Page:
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Tenants face losing deposit as 83% of landlords report tenancy agreements being breached

Tenants face losing deposit
  • A total of 83% of landlords have had tenants breach their tenancy agreement
  • Most common breaches include not keeping the property sufficiently clean
  • Other breaches include keeping a pet without the landlord’s permission 

More than eight out of ten landlords say they have had a tenant breach their tenancy agreement, according to new research.

Direct Line surveyed 500 landlords in October and November last year and found that 83 per cent had experienced a tenancy breach.

The most common breaches included not keeping the property sufficiently clean and maintained – at 36 per cent – and failing to notify a landlord of required repairs at 29 per cent.

Other breaches include damaging or making alterations to the property, keeping a pet in the property, smoking or vaping in the property and redecorating without permission.

All of these other breaches were reported by more than a quarter of the landlords surveyed.

The most common sanction for broken tenancy agreements is to have money deducted from the tenant’s deposit, to issue the tenant with a written or verbal warning, or to ask the tenants to pay for the damages or work themselves.

Landlords are being urged by Direct Line to have their properties inspected regularly to help check for any breaches.

Left unaddressed, issues such as required repairs may cost more money to rectify if they are left in the long run.

Reason for breach Proportion of breaches
Failing to pay rent on time (or not at all) 38 per cent
Failing to keep the property sufficiently clean and maintained 36 per cent
Failure to notify the landlord of things that need repairing 29 per cent
Damaging or making alterations to the property 28 per cent
Keeping a pet in the property 28 per cent
Smoking/vaping in the property 27 per cent
Redecorating without permission 25 per cent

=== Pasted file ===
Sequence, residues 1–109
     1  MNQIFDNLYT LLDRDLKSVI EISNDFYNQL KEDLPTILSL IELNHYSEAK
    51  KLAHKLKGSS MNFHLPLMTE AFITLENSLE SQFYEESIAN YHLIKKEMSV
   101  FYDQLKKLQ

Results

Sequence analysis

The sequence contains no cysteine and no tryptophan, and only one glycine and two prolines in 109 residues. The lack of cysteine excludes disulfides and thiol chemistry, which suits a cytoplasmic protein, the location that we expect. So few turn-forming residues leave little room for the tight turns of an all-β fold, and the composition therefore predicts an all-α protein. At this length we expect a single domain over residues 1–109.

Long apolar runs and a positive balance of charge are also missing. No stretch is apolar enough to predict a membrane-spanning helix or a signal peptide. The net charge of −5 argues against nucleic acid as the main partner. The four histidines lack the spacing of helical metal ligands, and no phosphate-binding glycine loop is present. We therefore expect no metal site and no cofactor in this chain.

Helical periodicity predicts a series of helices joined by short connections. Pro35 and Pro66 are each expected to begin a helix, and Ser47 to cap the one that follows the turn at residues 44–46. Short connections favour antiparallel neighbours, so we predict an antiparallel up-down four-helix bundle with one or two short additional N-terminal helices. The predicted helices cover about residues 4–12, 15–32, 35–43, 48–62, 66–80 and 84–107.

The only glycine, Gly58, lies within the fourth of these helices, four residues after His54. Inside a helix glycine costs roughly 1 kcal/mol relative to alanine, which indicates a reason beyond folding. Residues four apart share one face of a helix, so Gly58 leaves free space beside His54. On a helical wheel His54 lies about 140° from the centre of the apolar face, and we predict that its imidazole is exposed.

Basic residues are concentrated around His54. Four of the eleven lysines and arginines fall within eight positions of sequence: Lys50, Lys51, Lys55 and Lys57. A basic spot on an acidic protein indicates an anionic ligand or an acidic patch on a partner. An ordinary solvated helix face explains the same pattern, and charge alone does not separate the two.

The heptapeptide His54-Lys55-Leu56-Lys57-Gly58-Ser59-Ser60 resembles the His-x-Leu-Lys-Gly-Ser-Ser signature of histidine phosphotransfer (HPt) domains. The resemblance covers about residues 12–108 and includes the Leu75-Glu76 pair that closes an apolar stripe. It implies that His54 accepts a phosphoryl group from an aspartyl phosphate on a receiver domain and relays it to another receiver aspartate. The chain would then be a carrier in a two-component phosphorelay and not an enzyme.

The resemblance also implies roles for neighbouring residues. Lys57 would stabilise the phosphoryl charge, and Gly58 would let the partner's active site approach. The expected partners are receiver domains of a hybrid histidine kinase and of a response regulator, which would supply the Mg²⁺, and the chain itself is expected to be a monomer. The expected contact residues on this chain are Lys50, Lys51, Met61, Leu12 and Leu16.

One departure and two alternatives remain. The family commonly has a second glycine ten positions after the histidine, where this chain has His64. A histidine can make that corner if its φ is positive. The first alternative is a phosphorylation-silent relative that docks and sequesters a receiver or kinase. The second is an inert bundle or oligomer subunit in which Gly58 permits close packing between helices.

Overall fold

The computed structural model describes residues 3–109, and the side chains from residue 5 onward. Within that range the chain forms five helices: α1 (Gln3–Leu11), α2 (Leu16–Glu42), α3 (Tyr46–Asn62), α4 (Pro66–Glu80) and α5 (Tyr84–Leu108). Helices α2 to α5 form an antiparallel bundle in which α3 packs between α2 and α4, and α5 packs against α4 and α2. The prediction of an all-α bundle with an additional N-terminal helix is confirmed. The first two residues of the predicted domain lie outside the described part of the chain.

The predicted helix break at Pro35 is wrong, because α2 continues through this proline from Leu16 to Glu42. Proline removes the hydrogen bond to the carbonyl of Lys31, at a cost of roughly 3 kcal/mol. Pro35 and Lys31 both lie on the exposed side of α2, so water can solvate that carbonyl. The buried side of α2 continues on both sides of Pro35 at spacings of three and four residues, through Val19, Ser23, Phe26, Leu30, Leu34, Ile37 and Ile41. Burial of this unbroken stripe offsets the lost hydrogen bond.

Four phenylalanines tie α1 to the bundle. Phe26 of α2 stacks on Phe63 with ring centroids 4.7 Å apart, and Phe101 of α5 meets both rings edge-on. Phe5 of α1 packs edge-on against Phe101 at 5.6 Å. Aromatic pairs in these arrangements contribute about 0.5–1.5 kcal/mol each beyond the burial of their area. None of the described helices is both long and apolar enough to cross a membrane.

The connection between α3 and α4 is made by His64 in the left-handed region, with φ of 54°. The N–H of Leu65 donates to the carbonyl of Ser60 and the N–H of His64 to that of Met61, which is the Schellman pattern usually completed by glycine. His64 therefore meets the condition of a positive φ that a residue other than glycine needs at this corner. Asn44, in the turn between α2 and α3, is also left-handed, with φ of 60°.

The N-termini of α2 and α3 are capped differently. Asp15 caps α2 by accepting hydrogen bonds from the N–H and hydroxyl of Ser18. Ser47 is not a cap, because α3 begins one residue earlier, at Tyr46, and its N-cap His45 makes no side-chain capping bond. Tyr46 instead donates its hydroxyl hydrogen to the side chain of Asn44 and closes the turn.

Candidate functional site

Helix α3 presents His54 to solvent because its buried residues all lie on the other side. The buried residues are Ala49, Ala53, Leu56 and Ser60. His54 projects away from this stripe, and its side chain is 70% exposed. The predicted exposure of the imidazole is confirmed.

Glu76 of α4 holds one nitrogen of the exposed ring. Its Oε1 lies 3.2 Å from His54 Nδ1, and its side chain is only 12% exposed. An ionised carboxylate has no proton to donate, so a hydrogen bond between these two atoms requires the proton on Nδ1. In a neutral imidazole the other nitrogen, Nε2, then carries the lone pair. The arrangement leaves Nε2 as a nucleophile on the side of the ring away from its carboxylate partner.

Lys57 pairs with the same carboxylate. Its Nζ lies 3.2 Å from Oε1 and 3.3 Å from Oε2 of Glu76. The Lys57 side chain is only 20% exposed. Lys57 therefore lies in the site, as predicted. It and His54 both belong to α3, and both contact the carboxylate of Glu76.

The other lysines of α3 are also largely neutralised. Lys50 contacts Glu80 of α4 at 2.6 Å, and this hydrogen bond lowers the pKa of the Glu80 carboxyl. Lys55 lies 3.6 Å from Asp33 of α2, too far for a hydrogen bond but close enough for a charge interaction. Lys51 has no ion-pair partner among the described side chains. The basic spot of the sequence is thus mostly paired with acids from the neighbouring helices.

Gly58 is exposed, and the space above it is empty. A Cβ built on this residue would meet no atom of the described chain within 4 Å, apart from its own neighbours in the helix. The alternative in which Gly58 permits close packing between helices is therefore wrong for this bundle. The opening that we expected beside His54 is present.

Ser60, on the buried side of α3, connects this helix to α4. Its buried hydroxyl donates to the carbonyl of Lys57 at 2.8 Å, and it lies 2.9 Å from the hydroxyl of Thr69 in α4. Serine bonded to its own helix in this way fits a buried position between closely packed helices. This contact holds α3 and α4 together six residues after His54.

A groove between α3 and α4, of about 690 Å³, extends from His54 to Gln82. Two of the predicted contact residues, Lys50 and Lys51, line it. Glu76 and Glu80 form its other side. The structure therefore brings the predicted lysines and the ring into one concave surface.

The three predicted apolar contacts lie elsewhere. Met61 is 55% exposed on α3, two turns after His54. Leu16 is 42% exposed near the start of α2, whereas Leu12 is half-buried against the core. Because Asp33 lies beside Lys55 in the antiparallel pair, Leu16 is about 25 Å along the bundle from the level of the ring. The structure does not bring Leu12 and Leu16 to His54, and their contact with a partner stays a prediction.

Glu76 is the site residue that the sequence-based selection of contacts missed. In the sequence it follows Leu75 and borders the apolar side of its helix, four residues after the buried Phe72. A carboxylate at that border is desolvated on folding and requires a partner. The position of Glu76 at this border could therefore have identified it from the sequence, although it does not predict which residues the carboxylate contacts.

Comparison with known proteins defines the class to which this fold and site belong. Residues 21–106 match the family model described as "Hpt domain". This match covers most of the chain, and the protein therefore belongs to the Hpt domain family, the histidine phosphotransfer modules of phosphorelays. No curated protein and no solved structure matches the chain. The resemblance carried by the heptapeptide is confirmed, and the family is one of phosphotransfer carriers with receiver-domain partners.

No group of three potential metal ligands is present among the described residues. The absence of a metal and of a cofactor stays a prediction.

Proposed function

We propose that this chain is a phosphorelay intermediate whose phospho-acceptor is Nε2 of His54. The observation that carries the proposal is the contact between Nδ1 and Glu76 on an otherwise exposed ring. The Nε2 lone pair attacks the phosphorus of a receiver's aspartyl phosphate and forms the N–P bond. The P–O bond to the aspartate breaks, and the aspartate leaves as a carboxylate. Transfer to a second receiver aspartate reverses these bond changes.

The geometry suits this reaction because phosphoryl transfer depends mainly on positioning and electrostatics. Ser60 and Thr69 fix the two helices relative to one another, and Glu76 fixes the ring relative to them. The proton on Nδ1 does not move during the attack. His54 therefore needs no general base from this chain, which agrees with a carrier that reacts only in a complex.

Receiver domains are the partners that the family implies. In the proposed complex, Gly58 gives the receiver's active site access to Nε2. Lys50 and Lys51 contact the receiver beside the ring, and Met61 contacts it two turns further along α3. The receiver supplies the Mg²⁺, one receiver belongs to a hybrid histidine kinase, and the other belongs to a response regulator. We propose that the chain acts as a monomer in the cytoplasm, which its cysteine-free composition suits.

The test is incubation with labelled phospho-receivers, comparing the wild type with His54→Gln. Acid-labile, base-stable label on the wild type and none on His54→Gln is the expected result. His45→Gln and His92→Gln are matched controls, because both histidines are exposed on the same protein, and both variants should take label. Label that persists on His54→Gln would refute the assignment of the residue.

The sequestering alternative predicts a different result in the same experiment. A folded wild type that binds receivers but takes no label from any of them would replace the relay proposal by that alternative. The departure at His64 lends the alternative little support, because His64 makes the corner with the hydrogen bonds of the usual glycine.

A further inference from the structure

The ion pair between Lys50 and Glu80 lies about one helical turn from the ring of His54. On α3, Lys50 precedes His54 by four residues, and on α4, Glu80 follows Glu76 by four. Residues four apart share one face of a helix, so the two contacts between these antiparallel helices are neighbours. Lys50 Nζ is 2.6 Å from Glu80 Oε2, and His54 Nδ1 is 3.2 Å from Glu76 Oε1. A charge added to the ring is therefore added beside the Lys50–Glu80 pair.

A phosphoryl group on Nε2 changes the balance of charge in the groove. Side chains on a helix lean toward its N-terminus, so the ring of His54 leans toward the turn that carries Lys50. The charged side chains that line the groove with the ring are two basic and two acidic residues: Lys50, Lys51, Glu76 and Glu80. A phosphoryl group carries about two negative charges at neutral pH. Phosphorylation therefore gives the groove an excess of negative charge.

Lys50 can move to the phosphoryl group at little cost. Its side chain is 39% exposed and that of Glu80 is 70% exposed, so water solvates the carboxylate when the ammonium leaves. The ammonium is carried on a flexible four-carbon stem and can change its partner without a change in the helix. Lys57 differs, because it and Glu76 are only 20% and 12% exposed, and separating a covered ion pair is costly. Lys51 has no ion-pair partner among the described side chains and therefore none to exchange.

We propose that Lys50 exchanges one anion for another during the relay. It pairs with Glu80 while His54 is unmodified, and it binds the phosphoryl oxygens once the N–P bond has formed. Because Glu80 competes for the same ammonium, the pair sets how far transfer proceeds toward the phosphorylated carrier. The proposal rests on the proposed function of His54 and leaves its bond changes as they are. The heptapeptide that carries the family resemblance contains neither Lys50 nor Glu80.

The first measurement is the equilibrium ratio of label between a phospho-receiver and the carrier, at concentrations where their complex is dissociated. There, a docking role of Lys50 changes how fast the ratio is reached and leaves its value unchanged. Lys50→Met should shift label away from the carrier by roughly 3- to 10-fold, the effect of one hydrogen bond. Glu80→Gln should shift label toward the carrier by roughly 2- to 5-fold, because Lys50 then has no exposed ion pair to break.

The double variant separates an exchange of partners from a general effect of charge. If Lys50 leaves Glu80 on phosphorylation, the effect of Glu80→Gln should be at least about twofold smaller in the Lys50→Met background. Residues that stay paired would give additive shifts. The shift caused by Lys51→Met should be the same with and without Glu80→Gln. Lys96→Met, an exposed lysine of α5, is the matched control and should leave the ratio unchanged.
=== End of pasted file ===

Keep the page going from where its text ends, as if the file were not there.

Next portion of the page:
Causing a disturbance or nuisance to neighbouring properties 23 per cent
Subletting or moving in people without notifying the landlord 15 per cent
Changing locks 15 per cent
Tampering with or covering smoke or carbon monoxide alarms 10 per cent
Other 1 per cent
landlords who have not experienced any breaches in tenancy agreements 17 per cent
Source; Direct Line
Action Imposed Proportion of actions
Money deducted from their deposit 38 per cent
Gave them a written or verbal warning 32 per cent
Made them pay for the damages or work 28 per cent
Did not return the deposit 26 per cent
Evicted the tenant 23 per cent
Made them rectify the issue 23 per cent
Other 2 per cent
Landlords who did not take any action 6 per cent
Source: Direct Line

Despite this, just over half of landlords – at 55 per cent – conduct six-monthly property inspections, according to the Direct Line research.

A further 21 per cent make only annual checks, while 10 per cent of landlords admit that they only visit their properties at the start and end of the tenancy.

Fourteen per cent of landlords visit their properties less often than that, or only if they suspect there is an issue.

Harriet Scanlan, of Richmond estate agency Antony Roberts, said: ‘When it comes to lettings, landlords often find themselves juggling numerous responsibilities to ensure the seamless management of their investment.

‘Many will have a full-time job, renting out a property or two in order to supplement their income.

‘From marketing the property to vetting tenants, ensuring you secure the very best offer out there and get the best return on your investment, is a constant juggle.

‘This is where the expertise of a lettings agent can be invaluable, serving as a valuable guide through the intricate web of regulations and responsibilities, and keeping an eye on your investment.’

Sarah Casey, of Direct Line, said: ‘Property inspections shouldn’t feel intrusive for tenants and are all about building good relationships and keeping an eye out for any emerging issues.

‘Early intervention can often stop these from developing into a bigger problem that requires landlords to take further action.

‘Landlords should also make sure that tenancy deposits are held in a government-approved tenancy deposit scheme to help cover costs if, for example, the tenant leaves the property in a filthy state, has broken furniture or removed property supplied by the landlord.’

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